‘Digital divide’: NBN won’t cope with cutting-edge streaming services, experts warn

Australia's NBN meets "the needs of yesterday, not tomorrow", Dr Tama Leaver said.

Australia's NBN meets "the needs of yesterday, not tomorrow", Dr Tama Leaver said. Photo: Youtube

From online gaming to e-health and education, the nation’s troubled broadband network has created a “digital divide” that means many Australians will be denied access to revolutionary technology, experts have warned.

Not yet complete, the mixed-technology national broadband network (NBN) is already dated, and will not be equipped to meet the requirements of cutting-edge online streaming services such as Google’s Stadia, leading researchers told The New Daily.

Dubbed a “Netflix for games”, the cloud-based video game streaming platform was unveiled on Wednesday, with gobsmacked industry experts saying it could bring an end to console-based video games.

Delivering console quality without the need for expensive hardware, users will be able to stream games at resolutions of up to 4K at 60 frames per second, and in future, up to 8K, Google said.

However, Curtin University associate professor of internet studies Tama Leaver said Australia’s flawed NBN will not be able to cope with the requirements of such a high-end streaming platform.

“Rather than the NBN we first wanted, which was aspirational and looking towards what our future needs will be, we’ve ended up with an NBN that’s just about meeting the needs of yesterday, not tomorrow, which is what [Stadia] will be,” Dr Leaver said.

It’s not just games, but things such as really high-end video for medical diagnoses. You can’t do that with a crappy connection.”

Tech companies such as Google may therefore be forced to roll out “less intensive settings” that “automatically scale down” and reduce the quality of online services in countries with inferior internet speeds – like Australia.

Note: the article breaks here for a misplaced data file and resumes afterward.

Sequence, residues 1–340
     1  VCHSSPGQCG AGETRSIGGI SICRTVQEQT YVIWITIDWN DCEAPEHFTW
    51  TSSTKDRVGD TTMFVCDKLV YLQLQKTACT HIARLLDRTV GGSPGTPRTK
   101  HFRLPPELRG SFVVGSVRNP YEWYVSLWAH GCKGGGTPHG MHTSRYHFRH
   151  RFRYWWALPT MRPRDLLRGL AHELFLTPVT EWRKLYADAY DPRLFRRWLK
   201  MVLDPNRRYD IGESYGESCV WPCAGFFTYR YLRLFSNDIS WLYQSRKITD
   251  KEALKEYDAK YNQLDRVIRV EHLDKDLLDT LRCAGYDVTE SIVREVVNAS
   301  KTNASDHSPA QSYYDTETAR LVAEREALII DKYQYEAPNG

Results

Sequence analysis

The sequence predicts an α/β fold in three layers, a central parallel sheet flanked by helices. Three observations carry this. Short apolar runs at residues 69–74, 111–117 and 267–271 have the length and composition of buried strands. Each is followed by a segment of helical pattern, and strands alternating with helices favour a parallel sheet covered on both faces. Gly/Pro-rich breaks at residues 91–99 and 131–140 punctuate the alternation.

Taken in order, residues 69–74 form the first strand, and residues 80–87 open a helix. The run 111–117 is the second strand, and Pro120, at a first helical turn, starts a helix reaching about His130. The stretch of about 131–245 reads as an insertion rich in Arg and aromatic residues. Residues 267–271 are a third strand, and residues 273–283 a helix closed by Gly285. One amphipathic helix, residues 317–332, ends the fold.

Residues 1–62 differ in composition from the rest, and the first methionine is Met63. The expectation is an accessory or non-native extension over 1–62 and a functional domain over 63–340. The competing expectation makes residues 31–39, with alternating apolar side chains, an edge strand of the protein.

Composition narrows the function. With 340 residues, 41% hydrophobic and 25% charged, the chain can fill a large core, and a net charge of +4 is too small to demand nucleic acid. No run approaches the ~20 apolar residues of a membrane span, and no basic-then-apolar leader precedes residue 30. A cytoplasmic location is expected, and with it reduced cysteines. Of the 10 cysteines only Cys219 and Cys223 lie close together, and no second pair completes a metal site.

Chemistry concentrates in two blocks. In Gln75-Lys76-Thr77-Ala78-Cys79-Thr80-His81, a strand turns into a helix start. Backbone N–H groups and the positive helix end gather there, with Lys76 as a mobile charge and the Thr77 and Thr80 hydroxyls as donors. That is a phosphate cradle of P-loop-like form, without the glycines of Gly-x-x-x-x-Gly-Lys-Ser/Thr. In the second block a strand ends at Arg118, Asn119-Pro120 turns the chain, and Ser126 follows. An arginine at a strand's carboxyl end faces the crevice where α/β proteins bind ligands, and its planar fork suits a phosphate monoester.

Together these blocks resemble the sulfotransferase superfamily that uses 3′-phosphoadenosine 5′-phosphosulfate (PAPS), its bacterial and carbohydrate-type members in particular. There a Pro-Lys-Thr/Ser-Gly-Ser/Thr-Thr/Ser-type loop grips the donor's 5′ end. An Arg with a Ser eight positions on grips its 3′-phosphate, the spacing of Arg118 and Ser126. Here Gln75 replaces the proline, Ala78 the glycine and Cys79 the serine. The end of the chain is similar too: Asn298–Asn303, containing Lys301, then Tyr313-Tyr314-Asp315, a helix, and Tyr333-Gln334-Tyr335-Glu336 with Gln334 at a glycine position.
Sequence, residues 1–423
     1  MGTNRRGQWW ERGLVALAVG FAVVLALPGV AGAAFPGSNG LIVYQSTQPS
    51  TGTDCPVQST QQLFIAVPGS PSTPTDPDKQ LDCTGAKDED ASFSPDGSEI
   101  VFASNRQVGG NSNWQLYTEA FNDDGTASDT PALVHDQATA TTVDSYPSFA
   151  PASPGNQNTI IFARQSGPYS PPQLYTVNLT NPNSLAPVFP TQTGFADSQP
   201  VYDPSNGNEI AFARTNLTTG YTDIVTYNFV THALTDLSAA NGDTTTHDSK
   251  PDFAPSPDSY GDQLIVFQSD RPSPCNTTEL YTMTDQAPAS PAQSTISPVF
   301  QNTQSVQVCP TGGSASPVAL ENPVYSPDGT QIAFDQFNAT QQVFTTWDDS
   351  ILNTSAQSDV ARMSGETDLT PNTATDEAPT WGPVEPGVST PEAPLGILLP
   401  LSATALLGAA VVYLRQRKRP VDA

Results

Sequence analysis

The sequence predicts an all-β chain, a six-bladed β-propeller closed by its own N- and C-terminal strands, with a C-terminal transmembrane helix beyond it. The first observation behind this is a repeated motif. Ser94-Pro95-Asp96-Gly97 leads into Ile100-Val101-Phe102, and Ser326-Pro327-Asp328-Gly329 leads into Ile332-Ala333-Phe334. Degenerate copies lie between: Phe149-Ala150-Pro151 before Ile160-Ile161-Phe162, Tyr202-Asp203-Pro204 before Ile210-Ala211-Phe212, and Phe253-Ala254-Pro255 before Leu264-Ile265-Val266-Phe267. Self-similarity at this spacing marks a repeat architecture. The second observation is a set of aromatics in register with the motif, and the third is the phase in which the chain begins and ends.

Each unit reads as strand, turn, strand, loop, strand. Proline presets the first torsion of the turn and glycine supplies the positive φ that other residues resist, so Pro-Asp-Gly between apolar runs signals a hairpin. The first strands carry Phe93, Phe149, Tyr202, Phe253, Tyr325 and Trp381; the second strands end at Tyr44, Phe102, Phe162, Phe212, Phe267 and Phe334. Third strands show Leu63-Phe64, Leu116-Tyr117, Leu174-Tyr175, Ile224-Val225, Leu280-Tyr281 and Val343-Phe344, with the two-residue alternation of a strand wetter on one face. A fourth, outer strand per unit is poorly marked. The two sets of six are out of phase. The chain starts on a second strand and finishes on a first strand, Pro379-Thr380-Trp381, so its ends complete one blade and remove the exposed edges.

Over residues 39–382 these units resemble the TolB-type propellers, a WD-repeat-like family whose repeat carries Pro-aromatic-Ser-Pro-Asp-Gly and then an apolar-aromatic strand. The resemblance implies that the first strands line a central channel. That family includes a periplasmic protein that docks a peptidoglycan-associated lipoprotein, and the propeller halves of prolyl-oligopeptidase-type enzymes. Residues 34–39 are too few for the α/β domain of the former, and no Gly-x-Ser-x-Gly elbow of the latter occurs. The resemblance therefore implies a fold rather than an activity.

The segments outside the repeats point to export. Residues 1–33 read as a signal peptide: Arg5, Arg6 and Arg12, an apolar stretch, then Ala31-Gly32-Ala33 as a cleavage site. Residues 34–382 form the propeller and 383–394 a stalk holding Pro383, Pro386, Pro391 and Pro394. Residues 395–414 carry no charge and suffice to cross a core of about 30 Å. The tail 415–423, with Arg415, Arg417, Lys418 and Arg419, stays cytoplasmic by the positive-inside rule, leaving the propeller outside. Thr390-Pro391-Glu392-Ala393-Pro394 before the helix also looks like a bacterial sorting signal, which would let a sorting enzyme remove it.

“In many countries it won’t be an issue, but we don’t have a network capable of dealing with [services such as Stadia],” Dr Leaver said.

It shows how incredibly short-sighted the design of the NBN is.”

University of Sydney telecommunications researcher Tooran Alizadeh has deep concerns about the “inequity of service” created by the NBN, which is being rolled out using a patchwork of technologies of varying quality.

“Australians, depending on their postcode, will have access to a very different quality of telecommunication infrastructure. That is part of what a mixed-tech platform is about,” Dr Alizadeh said.

One level is at the big level – the digital divide between cities and remote areas – will only be broadened.

“The second level of inequality is within cities and metropolitan regions. The [quality of NBN connection] available in one street will be different from the next neighbourhood and street,” Dr Alizadeh said.

“Then people’s access to a wide range of services – some of them fun such as gaming and some of them actually quite significant, even life-threatening, such as e-health and e-learning facilities – could have various implications in terms of people’s livelihood and access to employment, education, and health services.”

While some politicians have sought to minimise the importance of the NBN – such as former prime minister Tony Abbott, who dismissed it as a “video entertainment system” – Dr Alizadeh said the infrastructure should be viewed as integral to the future health and success of the nation.

“Most governments are going online, so people’s access to government services that are supposed to be available to all citizens are going to be mitigated by the technological access that they have,” she said.

Ongoing work

When asked if Australia’s NBN would currently be equipped to meet the requirements of high-end streaming platforms such as Stadia, the NBN Co told The New Daily that it is “continuing to invest in network upgrade paths to help prepare for future demand across all of our technologies”.

“We are rolling out a network that provides access to minimum wholesale download speeds of 25Mbps or above for all homes and businesses across Australia, and up to 50Mbps for 90 per cent of the fixed-line footprint, as soon as possible,” a spokesperson for the company said.

“By 2020 around half of the NBN network will be 1 gigabit per second capable, with an upgrade path to 1 gigabit per second available for the remainder of the fixed network.”

Topics: NBN
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